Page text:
Taking a break

The market could be primed for a pause after rising more than 150 points since the beginning of the year, driven by the acceleration in the foreign purchase of local stocks.

Year-to-date, the Malaysian stock market has given out one of the best returns among Asean stock markets at 9.1%, second only to the Philippines.

Although foreign investors remain net buyers on Bursa Malaysia, the buying has eased.

According to MIDF Research, after 18 weeks of purchases, foreign investors sold RM99.6mil net of Malaysian stocks last week.

Nonetheless, foreign investors have maintained their net buyer position on Bursa Malaysia with more than RM10bil net, higher compared with other countries in South-East Asia, namely, Thailand, Indonesia and the Philippines.

In 2015, the net foreign outflow from the Malaysian equities market was RM19.5bil, while last year it was RM3bil.

Astramina Advisory Sdn Bhd managing director Wong Muh Rong concurs that the local stock market has done well in the first half of the year despite uncertain world politics.

“We anticipate the second half to be more challenging,” she says, adding that deal flows are showing signs of slowing down.

She points out that deal execution will be the theme in the second half.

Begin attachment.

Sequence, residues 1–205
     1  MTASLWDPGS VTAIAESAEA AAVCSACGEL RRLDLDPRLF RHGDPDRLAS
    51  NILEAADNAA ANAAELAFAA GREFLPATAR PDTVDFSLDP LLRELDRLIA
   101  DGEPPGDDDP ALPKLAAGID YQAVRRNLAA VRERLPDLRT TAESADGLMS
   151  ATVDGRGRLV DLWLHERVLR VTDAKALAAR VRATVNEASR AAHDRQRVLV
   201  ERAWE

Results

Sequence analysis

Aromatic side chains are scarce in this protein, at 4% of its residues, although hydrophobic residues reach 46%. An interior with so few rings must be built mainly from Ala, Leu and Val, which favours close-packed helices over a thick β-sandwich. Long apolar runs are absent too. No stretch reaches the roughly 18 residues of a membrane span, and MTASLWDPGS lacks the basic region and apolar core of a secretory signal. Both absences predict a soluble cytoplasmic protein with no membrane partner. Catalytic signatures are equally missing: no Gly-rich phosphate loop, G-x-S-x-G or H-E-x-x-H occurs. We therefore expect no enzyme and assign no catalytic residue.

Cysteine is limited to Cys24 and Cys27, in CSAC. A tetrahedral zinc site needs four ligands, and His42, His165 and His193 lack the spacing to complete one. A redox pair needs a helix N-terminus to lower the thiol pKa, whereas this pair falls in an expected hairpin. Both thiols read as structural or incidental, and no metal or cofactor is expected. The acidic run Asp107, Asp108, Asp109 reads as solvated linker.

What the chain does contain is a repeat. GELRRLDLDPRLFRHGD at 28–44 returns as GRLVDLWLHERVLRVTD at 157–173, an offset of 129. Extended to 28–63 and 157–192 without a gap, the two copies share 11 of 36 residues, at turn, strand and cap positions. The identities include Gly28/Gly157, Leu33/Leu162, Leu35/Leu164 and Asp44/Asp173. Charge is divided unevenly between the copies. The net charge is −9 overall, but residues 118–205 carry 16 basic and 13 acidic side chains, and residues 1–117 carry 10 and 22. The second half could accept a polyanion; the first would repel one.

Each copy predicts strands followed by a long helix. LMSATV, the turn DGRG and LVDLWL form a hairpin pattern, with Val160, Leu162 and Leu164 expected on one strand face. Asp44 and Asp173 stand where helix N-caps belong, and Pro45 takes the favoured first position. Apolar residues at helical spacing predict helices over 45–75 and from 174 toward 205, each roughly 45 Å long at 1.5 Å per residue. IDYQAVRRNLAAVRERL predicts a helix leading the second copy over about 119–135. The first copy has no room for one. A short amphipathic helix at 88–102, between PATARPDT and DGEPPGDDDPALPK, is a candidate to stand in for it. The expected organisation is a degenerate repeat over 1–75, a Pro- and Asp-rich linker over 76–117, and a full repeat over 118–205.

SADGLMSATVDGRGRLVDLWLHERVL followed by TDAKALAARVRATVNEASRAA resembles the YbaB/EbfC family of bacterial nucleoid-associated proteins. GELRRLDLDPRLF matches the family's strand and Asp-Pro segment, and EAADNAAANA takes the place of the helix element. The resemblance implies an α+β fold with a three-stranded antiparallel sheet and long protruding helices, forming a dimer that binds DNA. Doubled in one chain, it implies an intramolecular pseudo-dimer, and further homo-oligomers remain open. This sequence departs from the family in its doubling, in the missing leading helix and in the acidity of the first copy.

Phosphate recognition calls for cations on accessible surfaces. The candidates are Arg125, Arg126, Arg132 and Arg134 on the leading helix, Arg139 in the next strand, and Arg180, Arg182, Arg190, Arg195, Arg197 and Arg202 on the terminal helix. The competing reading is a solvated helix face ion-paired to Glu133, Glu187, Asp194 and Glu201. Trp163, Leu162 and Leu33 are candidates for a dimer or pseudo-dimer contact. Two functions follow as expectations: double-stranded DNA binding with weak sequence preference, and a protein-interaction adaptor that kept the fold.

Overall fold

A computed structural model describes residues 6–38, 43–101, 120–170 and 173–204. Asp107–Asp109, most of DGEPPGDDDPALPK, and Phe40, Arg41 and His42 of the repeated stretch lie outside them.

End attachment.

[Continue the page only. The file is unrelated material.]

Construction, infrastructure, property developers, and oil and gas (O&G) are among her top picks for the second half of the year.

“Reason being that Malaysia is due for elections in May 2018, and that would see the government dishing out big construction projects prior to that,” says Wong.

On the property sector, she reckons that there could be consolidation within the sector that leads to potential merger and acquisition exercises.

She adds that there will also be “major consolidation” in the O&G sector because of continuous weak oil prices and shorter contract tenures awarded.

“We foresee some major consolidations among the smaller players, likely a lot of this will occur next year.

hoo: ‘We do not foresee significant upward momentum in the second half.’

“The market needs some time to let the cleansing process begin. The weaker O&G companies will be flushed via restructuring or haircut exercises. All this will entice suitable buyers. It is a buyer’s market now,” she says.

Corporate earnings support

In the first half of the year, the rally in the stock market was supported by corporate earnings and a robust economic outlook.

The economy rebounded strongly by 5.6% in the first quarter ended March 31, compared with the same quarter a year ago, fuelled by private sector-led investments, consumption and exports.

When compared with the last quarter of 2016, the economy grew by 1.8%.